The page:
MURMANSK, April 29. /TASS/. During studies at the Pasvik transboundary Nature Reserve, which is located in the Murmansk Region, Norway and Finland, scientists found southern fauna species.
The studies were supported by the Murmansk Region’s Ministry of Ecology, the Russian Fundamental Research Foundation and the Kola MMC (the Kola Mining and Metallurgical Company, a part of Norkickel). The expedition’s results are described in the newly-published Pasvik’s Vertebrate Animals book.
The nature reserve’s Deputy Director Natalia Polikarpova told TASS the book contains information about almost 300 species of big animals, living in Pasvik.
Pasvik’s bats and snakes
The nature reserve’s northern border runs the Pacific Ocean’s sea shores. One of the most interesting newcomers to the Arctic regions is the Northern bat (Eptesicus nilssonii), scientists say.
"It was about ten years ago that a Northern bat was seen there for the first time, and since then nobody has seen them north from the Polar Circle," the deputy director said. "Not so long ago, the locals told us about the bats, and the scientists were lucky to register the fact." The Northern bat is a very rare type of animals, the expert added.
Another surprise for the scientists was to see wood hoopoes and shrikes. "They are very rare, but we have been registering them lately, which means they manage to multiply successfully," she continued.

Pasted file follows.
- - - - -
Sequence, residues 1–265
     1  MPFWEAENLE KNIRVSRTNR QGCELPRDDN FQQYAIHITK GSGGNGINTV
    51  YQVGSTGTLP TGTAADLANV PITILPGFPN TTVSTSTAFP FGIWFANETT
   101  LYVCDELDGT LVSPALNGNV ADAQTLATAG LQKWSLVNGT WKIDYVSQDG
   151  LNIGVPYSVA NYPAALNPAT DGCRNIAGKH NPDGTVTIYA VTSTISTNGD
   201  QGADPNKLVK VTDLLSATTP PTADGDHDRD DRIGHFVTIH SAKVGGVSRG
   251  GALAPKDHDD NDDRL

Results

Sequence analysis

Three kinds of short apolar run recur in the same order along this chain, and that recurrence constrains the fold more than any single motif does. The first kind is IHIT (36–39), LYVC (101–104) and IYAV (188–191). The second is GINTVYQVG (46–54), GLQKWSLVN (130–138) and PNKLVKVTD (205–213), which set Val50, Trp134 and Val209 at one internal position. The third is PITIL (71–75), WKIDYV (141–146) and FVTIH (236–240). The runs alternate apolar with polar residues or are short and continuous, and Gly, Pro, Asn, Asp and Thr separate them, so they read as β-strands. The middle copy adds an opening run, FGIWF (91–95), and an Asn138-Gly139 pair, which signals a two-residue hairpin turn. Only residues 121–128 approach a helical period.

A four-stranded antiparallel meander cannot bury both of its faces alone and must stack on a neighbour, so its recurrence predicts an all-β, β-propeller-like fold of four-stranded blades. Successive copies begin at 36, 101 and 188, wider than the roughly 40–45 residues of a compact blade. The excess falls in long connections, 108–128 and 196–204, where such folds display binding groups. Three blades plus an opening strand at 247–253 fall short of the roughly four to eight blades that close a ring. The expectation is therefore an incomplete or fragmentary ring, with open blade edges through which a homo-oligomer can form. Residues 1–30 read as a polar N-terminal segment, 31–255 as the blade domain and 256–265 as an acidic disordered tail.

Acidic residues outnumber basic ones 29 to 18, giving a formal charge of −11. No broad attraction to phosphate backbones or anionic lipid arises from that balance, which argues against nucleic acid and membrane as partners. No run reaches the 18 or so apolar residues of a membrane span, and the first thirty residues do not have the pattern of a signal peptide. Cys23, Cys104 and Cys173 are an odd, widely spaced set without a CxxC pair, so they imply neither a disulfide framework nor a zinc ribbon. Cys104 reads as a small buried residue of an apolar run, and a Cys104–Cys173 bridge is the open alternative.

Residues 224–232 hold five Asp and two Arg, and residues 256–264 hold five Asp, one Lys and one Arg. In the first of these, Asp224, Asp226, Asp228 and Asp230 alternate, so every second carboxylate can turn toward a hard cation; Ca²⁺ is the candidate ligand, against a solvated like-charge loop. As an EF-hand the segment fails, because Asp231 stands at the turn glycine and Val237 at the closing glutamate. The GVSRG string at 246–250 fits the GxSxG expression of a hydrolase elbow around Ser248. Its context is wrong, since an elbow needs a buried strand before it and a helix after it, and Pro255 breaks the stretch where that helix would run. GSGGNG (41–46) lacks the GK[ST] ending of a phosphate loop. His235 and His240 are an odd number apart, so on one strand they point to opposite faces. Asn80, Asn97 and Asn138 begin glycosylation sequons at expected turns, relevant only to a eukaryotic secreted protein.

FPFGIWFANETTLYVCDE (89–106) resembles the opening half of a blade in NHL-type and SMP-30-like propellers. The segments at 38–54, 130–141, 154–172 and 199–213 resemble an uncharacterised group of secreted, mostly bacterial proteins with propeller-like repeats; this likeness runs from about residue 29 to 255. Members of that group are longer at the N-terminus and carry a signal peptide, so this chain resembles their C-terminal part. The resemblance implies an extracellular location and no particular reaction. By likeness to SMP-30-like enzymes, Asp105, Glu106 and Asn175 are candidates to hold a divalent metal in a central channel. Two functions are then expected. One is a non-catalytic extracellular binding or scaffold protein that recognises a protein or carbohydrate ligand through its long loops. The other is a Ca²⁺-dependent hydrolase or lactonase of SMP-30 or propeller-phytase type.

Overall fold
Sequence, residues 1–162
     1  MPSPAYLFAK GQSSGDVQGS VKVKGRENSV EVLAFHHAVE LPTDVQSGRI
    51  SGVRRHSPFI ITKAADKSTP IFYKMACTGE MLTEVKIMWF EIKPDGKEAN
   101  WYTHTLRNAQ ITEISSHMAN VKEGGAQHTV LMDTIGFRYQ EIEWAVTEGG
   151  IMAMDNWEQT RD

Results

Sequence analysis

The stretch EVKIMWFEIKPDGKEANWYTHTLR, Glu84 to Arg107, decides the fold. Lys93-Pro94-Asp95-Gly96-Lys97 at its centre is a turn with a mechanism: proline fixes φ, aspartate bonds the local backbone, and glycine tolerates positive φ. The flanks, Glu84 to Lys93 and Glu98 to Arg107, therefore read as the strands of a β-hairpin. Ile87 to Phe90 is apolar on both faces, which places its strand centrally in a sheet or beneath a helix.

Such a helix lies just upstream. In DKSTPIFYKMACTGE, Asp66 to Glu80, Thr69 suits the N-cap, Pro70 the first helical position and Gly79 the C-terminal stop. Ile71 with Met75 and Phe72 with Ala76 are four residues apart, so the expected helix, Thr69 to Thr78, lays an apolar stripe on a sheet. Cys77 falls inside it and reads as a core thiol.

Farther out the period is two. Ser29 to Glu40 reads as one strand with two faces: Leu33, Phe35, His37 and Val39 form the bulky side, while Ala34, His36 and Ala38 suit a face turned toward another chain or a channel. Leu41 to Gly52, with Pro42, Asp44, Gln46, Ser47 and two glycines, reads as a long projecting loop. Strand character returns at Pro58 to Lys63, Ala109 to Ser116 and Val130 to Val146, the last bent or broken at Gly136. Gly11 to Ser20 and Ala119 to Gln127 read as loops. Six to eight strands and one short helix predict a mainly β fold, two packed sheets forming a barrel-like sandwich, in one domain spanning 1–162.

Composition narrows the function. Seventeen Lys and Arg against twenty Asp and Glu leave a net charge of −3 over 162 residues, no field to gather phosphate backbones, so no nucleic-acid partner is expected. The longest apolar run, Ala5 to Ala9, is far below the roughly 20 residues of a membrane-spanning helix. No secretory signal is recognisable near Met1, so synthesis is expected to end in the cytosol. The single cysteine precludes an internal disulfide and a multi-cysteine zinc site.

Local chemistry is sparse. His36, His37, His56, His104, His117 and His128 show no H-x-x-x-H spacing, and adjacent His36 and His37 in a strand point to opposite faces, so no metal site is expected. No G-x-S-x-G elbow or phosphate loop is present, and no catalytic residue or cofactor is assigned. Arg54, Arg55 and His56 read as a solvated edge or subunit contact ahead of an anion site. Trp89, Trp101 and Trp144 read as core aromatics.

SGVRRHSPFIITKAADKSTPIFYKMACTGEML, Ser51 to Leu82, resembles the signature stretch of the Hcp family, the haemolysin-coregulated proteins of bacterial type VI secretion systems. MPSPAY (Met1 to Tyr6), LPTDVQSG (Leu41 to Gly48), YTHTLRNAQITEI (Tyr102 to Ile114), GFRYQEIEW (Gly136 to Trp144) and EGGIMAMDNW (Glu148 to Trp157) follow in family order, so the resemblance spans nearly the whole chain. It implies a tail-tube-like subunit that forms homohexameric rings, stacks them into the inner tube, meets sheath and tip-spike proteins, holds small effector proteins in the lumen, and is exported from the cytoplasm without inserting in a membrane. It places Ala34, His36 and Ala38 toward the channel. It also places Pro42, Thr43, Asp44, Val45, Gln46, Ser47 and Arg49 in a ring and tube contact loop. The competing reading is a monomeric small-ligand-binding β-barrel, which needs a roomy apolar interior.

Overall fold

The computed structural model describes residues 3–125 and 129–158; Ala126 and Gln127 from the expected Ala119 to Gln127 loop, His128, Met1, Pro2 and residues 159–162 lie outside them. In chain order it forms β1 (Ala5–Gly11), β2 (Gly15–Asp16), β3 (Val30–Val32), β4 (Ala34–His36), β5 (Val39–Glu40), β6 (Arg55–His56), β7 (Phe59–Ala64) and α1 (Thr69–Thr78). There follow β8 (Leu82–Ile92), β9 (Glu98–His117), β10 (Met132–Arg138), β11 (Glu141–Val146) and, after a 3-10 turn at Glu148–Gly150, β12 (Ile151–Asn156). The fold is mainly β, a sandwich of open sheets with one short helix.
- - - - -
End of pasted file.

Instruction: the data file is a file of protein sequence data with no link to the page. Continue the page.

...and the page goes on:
However, the biggest news is that snakes, including vipers, have moved to the north. A few years earlier, the media wrote they were seen in the Kola Peninsula’s south - near Kandalaksha. Scientists have proofs snakes live also in the region’s northern part. "The snakes are not numerous, it’s not an invasion, but anyway they are there," the deputy director said.
The reasons for the changing fauna are numerous, experts say. While in the past, those were mainly consequences from the growing population, from mining, cutting of woods, fires, growing agricultural areas in the 20th century and degrading agricultural areas in the 21st century, presently the biggest influence comes from the changing climate conditions.
Boundless nature reserve
The Pasvik Nature Reserve was organized in July, 1992. It is home for rare species of flora and fauna, which are in the Russian Red Book and on the IUCN (the International Union for Conservation of Nature) Red List of Threatened Species.
The nature reserve takes part in work of the Russian-Norwegian intergovernmental environmental commission, the Russian-Finnish commission on transboundary waters and an intergovernmental working group on environment, and of the EUROPARC Federation.